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Davis, Samuel Post (04 April 1850–17 March 1918), journalist, author, and historian, was born in Branford, Connecticut, the son of the Reverend George R. Davis, an Episcopalian priest, and Sylvia Nichols. As Davis’s father accepted different pulpits, the family moved to Ansonia, Connecticut; Newark, New Jersey; and Racine, Wisconsin. In Racine, Samuel attended the Racine College private school but apparently did not complete the secondary curriculum. He accompanied his parents when they subsequently moved to Brownsville, Nebraska, then to Nevada City, California, and finally to Carson City, Nevada....

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Day, William Howard (16 October 1825–02 December 1900), educator and editor, was born in New York City, the son of John Day, a sailmaker, and Eliza Dixon, a seamstress. J. P. Williston, an inkmaker from Northampton, Massachusetts, first met Day during a visit to a school for black children in New York City. Williston was so impressed with the young student that he persuaded Day’s mother to allow him, a white man, to adopt her son. Day spent five years in Northampton, where he attended school and was apprenticed as a printer at the ...

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Fine, Benjamin (01 September 1905–16 May 1975), educational author, editor, and lecturer and school administrator, was born in New York City but was raised on a farm in Attleboro, Massachusetts, the son of Charles Fine and Rebecca Goldin, farmers. From his early youth Fine was rigorously active and would remain so for the rest of his life. He walked miles to get the school bus (good for later story enhancement), milked the cows, and did the farm chores, thus confirming philosopher ...

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Freeman, Douglas Southall (16 May 1886–13 June 1953), newspaper editor and military historian, was born in Lynchburg, Virginia, the son of Walker Burford Freeman, a general agent for the New York Life Insurance Company, and Bettie Allen Hamner. He was not yet six years old when the family moved to Richmond, the former capital of the Confederacy and a center of Confederate memorials and gatherings. He earned a B.A. from Richmond College (now the University of Richmond) in 1904 and a Ph.D. in history from Johns Hopkins University in 1908 at the age of twenty-two. Freeman never published his dissertation, on secession in Virginia, but he published an edited volume in 1908, ...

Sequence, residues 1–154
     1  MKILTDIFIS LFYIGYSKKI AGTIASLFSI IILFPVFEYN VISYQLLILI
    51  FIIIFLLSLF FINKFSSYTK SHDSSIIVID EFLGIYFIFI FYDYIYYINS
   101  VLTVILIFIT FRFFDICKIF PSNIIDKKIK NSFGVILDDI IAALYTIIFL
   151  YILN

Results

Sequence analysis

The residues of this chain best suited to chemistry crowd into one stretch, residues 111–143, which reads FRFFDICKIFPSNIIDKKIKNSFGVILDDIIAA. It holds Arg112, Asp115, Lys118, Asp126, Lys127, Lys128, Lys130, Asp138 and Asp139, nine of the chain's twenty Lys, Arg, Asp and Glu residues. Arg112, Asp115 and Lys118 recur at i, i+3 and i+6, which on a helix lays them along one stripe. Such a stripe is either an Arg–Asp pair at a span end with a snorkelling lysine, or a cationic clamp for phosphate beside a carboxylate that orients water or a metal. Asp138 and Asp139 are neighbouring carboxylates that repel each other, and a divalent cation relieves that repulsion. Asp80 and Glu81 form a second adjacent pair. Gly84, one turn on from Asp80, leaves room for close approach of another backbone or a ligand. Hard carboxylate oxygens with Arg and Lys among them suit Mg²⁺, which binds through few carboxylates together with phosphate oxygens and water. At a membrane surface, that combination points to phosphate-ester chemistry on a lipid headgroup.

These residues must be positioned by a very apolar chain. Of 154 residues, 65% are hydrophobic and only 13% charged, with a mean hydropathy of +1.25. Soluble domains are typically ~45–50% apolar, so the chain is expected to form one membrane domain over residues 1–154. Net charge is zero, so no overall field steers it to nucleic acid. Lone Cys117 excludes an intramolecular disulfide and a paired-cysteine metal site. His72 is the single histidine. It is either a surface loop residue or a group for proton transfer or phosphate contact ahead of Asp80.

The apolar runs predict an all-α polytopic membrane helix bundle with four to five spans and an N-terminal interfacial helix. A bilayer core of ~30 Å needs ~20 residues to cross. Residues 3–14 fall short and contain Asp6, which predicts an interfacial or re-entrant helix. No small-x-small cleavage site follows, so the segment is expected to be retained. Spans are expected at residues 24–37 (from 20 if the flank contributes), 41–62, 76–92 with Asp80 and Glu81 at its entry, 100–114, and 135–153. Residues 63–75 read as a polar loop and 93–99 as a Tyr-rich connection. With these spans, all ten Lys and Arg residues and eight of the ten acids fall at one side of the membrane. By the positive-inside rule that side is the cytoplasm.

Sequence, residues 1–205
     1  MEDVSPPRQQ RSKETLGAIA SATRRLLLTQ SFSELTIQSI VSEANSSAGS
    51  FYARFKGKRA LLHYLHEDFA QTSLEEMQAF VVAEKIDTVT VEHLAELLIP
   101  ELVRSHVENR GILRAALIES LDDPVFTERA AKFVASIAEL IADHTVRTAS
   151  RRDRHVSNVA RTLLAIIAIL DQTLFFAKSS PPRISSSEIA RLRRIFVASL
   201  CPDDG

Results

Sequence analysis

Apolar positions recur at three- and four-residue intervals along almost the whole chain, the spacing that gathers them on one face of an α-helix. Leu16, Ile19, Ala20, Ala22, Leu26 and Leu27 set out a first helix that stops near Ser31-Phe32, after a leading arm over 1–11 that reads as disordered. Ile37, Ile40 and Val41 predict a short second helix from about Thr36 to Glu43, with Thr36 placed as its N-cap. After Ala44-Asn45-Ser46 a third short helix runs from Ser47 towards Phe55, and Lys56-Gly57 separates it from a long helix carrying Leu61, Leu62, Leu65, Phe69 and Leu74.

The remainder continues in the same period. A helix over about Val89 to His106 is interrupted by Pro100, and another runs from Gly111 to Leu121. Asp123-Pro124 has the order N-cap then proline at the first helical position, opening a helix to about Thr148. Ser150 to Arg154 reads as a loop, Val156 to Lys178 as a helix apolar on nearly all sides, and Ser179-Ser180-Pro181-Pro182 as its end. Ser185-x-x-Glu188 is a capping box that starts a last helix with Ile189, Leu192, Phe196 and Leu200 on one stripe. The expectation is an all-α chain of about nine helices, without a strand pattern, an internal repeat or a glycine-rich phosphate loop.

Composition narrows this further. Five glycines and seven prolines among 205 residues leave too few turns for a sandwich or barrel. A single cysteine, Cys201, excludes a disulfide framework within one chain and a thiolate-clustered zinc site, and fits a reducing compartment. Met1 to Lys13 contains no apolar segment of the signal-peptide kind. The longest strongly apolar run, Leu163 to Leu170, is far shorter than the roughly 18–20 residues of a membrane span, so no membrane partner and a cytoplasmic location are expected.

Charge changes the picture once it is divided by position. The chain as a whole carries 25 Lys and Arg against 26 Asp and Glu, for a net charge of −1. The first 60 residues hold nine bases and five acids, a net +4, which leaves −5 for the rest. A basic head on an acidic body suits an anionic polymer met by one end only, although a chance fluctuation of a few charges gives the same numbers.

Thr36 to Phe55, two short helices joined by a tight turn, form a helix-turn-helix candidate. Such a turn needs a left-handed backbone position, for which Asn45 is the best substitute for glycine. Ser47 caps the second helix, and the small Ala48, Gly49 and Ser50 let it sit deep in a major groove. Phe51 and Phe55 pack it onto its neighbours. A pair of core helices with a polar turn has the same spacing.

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Funk, Isaac Kauffman (10 September 1839–04 April 1912), publisher and reformer, was born near Clifton, Ohio, the son of John Funk and Martha Kauffman, farmers. Funk graduated from Wittenberg College in 1860 and from its theological seminary the following year. He subsequently held pastorates at Lutheran churches near Moreshill, Indiana, and in Carey, Ohio, before moving to St. Matthews’ English Lutheran Church in Brooklyn, New York, where he remained the longest. In 1863 he married Eliza Thompson; they had two children. The year after his wife’s death in 1868 he married her sister, Helen G. Thompson. The couple had one son....

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Garreau, Armand (13 September 1817–28 March 1865), Romantic writer, journalist, and educator, was born Louis-Armand Garreau in Cognac, France, the son of Louis-Armand Garreau, a lawyer and veteran of the Napoleonic wars, and Marie Rose Dumontet, a native of Saint-Pierre, Martinique. Apparently Garreau left home at a very early age to receive a classical education in Paris at the Lycée Henri IV. Financial difficulties prevented him from completing law school, but before he left Paris to take up a teaching position in the department of Gironde he encountered a New Orleanian who impressed him with talk of opportunity in Louisiana....

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Goodman, Joseph Thompson (18 September 1838–01 October 1917), writer, publisher, and archaeologist, was born in Masonville, Delaware County, New York, the son of Caleb Goodman. His mother’s name is unknown. Little is known of his early life. Sometime during the 1850s, Goodman moved west with his brother and father and began to work as a typesetter for the ...